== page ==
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IDB-funded DBJ project could lead to venture capital for start-ups

Published:Friday | November 20, 2015 | 3:07 PM

The Development Bank of Jamaica (DBJ) has secured US$1.2 million ($144 million) of funding for a project aimed at bringing venture capital to entrepreneurs and early-stage businesses.

Last week, the Inter-American Development Bank (IDB) approved the technical grant to the state agency, which will pony up an additional US$2.3 million towards 'Developing an Entrepreneurial and Early Stage Ecosystem', as the project is called.

More specifically, it aims to address gaps identified through a comprehensive analysis of Jamaica's venture capital ecosystem, such as building the capacity of entrepreneurs, local fund managers and investors.

It also aims to facilitate networking between entrepreneurs and angel investors, institutional investors and fund managers as well as develop measures to attract diaspora investors to

the Jamaican venture capital industry.

Up to 100 existing and potential "urban and rural high-growth SMEs" will benefit from the programme, according to press release issued by the IDB last week.

"The intervention model is based on a public-private partnership where the government, multilaterals, and private sector collaborate to support the consolidation of an incipient entrepreneurial ecosystem and the beginnings of an early-stage financing industry," said the multilateral institution.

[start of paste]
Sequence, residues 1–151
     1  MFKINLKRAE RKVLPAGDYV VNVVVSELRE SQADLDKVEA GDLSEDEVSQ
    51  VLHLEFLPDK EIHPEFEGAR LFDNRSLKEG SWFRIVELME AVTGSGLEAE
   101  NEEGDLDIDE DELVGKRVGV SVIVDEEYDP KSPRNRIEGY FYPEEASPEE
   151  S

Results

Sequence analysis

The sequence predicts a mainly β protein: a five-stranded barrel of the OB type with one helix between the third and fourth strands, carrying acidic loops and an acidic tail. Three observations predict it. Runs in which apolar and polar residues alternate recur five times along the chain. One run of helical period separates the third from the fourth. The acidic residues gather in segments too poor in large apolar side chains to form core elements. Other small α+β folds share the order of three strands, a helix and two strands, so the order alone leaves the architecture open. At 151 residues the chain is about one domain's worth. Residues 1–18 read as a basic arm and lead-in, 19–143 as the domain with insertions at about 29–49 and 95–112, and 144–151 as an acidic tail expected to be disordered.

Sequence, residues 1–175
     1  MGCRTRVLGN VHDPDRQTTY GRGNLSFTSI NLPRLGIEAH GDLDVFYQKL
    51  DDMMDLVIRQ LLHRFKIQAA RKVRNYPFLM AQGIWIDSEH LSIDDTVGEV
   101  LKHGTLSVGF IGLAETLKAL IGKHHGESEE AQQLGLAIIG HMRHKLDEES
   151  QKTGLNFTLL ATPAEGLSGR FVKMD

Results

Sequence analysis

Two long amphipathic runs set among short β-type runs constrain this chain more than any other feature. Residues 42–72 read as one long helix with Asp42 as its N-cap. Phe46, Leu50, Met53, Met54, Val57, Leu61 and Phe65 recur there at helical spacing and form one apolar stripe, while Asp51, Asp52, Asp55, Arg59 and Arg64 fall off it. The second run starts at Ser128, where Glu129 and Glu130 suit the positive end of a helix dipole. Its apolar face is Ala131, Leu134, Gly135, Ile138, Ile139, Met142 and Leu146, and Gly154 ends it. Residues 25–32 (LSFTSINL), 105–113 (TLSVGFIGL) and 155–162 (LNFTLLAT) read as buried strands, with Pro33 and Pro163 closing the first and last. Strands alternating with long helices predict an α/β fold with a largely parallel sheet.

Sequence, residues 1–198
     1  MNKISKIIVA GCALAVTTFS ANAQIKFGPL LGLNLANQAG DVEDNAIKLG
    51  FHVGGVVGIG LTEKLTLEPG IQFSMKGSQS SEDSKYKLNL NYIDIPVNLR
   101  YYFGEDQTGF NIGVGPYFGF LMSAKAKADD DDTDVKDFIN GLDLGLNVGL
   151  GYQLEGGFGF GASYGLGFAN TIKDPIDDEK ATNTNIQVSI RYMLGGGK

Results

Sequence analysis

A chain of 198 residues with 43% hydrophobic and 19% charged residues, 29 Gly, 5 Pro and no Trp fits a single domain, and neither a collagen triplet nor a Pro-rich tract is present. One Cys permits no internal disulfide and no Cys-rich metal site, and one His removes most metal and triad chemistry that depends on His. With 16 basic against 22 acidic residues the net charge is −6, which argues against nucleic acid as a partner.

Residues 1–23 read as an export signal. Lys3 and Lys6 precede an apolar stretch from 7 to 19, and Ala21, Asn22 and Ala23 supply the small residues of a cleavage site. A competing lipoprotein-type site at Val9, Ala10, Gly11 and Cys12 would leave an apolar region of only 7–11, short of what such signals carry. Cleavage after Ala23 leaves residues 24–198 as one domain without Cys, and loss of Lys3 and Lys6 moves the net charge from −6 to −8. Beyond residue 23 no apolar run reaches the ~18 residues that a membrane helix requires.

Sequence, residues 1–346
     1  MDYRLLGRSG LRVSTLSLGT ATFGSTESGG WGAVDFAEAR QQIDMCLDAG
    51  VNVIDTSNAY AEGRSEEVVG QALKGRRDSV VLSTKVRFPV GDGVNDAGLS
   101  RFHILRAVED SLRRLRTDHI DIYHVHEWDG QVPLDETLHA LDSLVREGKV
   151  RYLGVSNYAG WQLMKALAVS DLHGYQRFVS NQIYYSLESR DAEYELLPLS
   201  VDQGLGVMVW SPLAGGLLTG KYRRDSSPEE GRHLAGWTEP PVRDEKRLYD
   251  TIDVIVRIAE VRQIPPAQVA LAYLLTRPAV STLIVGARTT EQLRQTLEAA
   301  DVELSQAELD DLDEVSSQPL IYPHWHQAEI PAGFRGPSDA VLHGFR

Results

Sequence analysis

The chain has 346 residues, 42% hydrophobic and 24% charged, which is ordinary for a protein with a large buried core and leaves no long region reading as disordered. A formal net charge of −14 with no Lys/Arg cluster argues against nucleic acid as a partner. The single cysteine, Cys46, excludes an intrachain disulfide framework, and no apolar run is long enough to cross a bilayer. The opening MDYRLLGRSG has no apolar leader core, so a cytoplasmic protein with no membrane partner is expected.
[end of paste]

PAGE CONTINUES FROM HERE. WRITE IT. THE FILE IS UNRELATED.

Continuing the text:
The approach replicates the INOVAR programme, which was established by the Financiadora de Estudos e Projectos (FINEP) in 2001 in Brazil, and which was later implemented in other countries in Latin America.

INOVAR had three major components, including fund panels, which assembled a consortium of investors, who jointly analysed and performed due diligence on venture capital funds. Forums which provided training to entrepreneurs on fundraising and preparing business plans which would ultimately place the business owners in front of potential investors was also a main pillar of the programme. So were training programmes for investors on best practices and due diligence.

By 2012, INOVAR had executed 12 calls for proposals and five calls for seed funds, which attracted 220 fund proposals, resulting in over 110 processes of due diligence. From that amount, FINEP selected 24 funds in which it invested a total of US$250 million. The funds raised over US$2 billion.

Through hosting 36 forums over the decade following its inception, INOVAR led to more than 50 companies receiving roughly US$55 million in seed capital and venture capital funding.

The DBJ had previously executed a call for proposals from potential venture capital funds. Consequently, four venture capital fund managers are currently in the final stages of pulling together the cash they will use to invest in companies in Jamaica, with at least one expected to be ready to start investments by year end.

However, those funds will likely focus on companies which have already been established rather than early-stage businesses or start-ups, which will be among the foci of this latest collaboration between the DBJ and the IDB.